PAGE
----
Reliable transit and quality education are two important catalysts for inclusive growth and upward mobility – a solid educational foundation in particular shapes a lifetime of earning and employment potential.  It’s why affordable and accessible pre-K is on our agenda: HB1628 was heard and held in the Senate Education Committee on Wednesday – it expands ‘On My Way Pre-K’ to counties across the state for high-quality preschool programs serving four-year-olds, while protecting service levels in pilot counties like Marion.

Speaking of protecting progress, we wrote last week about House-proposed adjustments to the school ‘complexity’ formula, which would limit funding to districts like IPS with large numbers of at-risk students.  Indeed, it hits urban and rural school systems alike, a ripple effect across communities that grapple with poverty, food insecurity and other shared socioeconomic challenges.

We’ll be eyeing greater equity – tying the formula to more reliable measures of need – in upcoming budget negotiations.  But there is another way the General Assembly could help IPS in particular, by adjusting the “$1” charter law (requiring districts to ‘sell’ unused buildings to charter schools) to support reuse options for properties like the former Broad Ripple High School. 

HB1641 would reduce the window of time for charters to pursue such facilities and remove other financial liabilities; recognizing that many IPS facilities are too large for a single use, we support an approach that encourages charter partnerships and educational choices while allowing IPS to bolster its budget by capitalizing on the redevelopment potential of Broad Ripple.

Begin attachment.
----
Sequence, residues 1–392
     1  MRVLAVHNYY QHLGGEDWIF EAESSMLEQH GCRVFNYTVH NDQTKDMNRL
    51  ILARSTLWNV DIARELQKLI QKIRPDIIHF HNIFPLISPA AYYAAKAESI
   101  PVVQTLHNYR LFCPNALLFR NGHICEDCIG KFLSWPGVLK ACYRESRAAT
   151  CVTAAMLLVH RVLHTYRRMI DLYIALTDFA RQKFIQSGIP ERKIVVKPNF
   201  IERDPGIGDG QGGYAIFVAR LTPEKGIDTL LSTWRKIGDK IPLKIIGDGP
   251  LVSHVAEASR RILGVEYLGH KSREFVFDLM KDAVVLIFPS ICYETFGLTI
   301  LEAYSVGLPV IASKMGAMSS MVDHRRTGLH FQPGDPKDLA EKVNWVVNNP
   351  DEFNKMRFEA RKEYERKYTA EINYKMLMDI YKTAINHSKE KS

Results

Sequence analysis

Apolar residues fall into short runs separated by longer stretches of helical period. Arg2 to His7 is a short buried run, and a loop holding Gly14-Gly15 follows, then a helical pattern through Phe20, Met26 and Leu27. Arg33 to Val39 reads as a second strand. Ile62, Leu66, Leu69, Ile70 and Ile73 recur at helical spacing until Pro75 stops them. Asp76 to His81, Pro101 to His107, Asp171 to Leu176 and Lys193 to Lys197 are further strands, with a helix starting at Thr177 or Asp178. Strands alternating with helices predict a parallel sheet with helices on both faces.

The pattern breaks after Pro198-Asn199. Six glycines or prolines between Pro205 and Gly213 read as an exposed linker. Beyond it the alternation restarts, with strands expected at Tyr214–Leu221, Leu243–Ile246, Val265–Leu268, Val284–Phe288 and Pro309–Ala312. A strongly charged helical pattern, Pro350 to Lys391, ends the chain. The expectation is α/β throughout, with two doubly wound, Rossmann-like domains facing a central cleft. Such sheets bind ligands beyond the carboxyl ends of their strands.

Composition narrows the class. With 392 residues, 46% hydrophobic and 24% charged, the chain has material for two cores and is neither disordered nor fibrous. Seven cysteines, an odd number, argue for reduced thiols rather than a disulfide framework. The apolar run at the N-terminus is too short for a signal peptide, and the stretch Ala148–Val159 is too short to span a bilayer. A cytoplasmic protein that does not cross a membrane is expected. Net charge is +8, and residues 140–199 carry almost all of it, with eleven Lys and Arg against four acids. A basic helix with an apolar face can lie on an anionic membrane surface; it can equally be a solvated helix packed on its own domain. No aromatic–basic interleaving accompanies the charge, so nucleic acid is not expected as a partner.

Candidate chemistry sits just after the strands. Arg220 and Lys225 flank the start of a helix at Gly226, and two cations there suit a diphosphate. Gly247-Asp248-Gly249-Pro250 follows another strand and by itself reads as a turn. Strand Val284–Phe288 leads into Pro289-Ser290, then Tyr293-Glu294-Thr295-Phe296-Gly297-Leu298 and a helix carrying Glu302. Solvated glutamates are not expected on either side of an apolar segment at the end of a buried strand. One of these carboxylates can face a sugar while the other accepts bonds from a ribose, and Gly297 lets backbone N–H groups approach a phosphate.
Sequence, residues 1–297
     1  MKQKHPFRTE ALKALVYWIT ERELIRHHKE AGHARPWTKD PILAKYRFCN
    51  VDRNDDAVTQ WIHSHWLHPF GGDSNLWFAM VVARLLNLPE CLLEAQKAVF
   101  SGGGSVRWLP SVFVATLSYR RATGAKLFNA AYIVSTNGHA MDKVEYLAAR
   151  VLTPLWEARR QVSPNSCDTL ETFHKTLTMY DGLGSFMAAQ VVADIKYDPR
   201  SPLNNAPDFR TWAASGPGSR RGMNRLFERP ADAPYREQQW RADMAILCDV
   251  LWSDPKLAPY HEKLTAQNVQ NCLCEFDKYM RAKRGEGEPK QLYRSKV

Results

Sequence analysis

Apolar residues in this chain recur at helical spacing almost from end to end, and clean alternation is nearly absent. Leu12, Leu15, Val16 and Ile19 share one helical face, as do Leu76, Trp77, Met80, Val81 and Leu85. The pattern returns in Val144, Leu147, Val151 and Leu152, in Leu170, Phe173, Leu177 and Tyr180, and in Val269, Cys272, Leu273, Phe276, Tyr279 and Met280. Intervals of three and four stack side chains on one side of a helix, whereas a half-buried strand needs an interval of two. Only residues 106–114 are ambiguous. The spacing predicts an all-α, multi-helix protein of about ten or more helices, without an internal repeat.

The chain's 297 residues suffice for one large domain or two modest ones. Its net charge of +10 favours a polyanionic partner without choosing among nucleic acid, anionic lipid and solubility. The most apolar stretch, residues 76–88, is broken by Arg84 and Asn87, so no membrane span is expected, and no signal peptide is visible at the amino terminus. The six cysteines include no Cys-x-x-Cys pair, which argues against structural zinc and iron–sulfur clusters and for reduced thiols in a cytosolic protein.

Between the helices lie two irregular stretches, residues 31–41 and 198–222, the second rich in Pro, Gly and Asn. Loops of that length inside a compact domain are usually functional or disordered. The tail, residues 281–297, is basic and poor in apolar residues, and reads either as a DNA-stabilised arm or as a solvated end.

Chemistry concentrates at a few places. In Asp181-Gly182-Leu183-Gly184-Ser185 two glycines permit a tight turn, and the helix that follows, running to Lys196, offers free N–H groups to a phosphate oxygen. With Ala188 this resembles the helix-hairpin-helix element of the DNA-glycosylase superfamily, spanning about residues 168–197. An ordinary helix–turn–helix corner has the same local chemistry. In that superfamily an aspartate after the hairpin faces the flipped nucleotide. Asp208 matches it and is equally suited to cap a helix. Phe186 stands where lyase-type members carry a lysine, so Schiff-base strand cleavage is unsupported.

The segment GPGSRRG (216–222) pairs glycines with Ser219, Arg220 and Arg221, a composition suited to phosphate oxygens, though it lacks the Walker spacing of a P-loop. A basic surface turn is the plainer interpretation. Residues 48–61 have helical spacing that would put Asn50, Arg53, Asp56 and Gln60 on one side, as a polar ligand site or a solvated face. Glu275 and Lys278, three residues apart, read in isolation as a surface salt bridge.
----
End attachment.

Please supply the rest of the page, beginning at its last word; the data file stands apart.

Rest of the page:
(In the context of the next bill mentioned – HB1003 – we should note again that IPS is already partnering with the Chamber to be more efficient and push more dollars into the classroom.  This has included the tough decision to restructure local high schools; their efforts should come with flexibility to maximize the resulting market opportunities.)

Studying the Rest:

  • HB1003 passed committee on Thursday; the bill sets efficiency targets for school corporations (an 85/15 ratio of education versus administrative and capital expenses) to encourage more resources dedicated to purposes like teacher pay – it was amended to include the Office of Management & Budget in oversight;
  • Sticking with education, SB607 passed committee this week, providing financial support to programs helping adult learners earn their high school diplomas;
  • SB562, dealing with teacher preparation issues, also cleared its second committee hurdle;
  • SB522 (dealing with a host of gambling issues) was altered significantly in the House Public Policy Committee, and we expect more changes as it heads to Ways & Means;
  • HB1444 – taxing e-cigarettes – didn’t get the nod in Senate Appropriations Thursday (it remains a potentially germane vehicle for other tobacco reforms, though our optimism isn’t blazing on the issue);
  • Other bills are starting to wind their way through concurrence votes and head to the Governor without the headache of conference committee – SB191 (dealing with historic preservation grants and nonprofits as recipients) earned a unanimous Senate concurrence Thursday;
  • But it’s appropriate to close by mentioning a bill that’s still languishing in committee: SB105, elevating redistricting standards beyond arbitrary politics, still awaits a hearing – and since competitive elections are one cure for the partisan polarization that’s held us back on issues like bias crimes, we urge this modest reform as a small step forward.